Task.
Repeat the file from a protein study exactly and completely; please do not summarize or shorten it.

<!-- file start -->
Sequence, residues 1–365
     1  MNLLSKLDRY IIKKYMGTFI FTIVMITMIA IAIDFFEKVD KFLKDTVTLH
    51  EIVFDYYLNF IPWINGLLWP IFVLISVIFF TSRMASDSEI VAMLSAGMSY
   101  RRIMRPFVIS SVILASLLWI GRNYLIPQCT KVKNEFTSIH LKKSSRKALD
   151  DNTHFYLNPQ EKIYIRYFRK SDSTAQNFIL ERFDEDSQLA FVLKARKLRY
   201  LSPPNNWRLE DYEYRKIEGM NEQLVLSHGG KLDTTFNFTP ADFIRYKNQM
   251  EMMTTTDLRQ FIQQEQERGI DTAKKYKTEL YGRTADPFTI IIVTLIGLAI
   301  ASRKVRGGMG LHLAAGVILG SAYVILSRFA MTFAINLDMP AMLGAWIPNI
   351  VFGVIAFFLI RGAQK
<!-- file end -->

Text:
Sequence, residues 1–365
     1  MNLLSKLDRY IIKKYMGTFI FTIVMITMIA IAIDFFEKVD KFLKDTVTLH
    51  EIVFDYYLNF IPWINGLLWP IFVLISVIFF TSRMASDSEI VAMLSAGMSY
   101  RRIMRPFVIS SVILASLLWI GRNYLIPQCT KVKNEFTSIH LKKSSRKALD
   151  DNTHFYLNPQ EKIYIRYFRK SDSTAQNFIL ERFDEDSQLA FVLKARKLRY
   201  LSPPNNWRLE DYEYRKIEGM NEQLVLSHGG KLDTTFNFTP ADFIRYKNQM
   251  EMMTTTDLRQ FIQQEQERGI DTAKKYKTEL YGRTADPFTI IIVTLIGLAI
   301  ASRKVRGGMG LHLAAGVILG SAYVILSRFA MTFAINLDMP AMLGAWIPNI
   351  VFGVIAFFLI RGAQK